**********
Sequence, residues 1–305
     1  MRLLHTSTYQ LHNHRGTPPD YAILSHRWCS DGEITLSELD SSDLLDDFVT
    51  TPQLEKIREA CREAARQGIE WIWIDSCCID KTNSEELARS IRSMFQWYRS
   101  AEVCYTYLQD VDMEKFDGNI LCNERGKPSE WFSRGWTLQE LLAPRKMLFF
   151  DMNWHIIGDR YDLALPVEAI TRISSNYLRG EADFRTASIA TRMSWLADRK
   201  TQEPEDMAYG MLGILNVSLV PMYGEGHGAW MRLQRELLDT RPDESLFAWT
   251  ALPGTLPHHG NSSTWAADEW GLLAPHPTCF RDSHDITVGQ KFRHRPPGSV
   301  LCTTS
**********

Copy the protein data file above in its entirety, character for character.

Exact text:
Sequence, residues 1–305
     1  MRLLHTSTYQ LHNHRGTPPD YAILSHRWCS DGEITLSELD SSDLLDDFVT
    51  TPQLEKIREA CREAARQGIE WIWIDSCCID KTNSEELARS IRSMFQWYRS
   101  AEVCYTYLQD VDMEKFDGNI LCNERGKPSE WFSRGWTLQE LLAPRKMLFF
   151  DMNWHIIGDR YDLALPVEAI TRISSNYLRG EADFRTASIA TRMSWLADRK
   201  TQEPEDMAYG MLGILNVSLV PMYGEGHGAW MRLQRELLDT RPDESLFAWT
   251  ALPGTLPHHG NSSTWAADEW GLLAPHPTCF RDSHDITVGQ KFRHRPPGSV
   301  LCTTS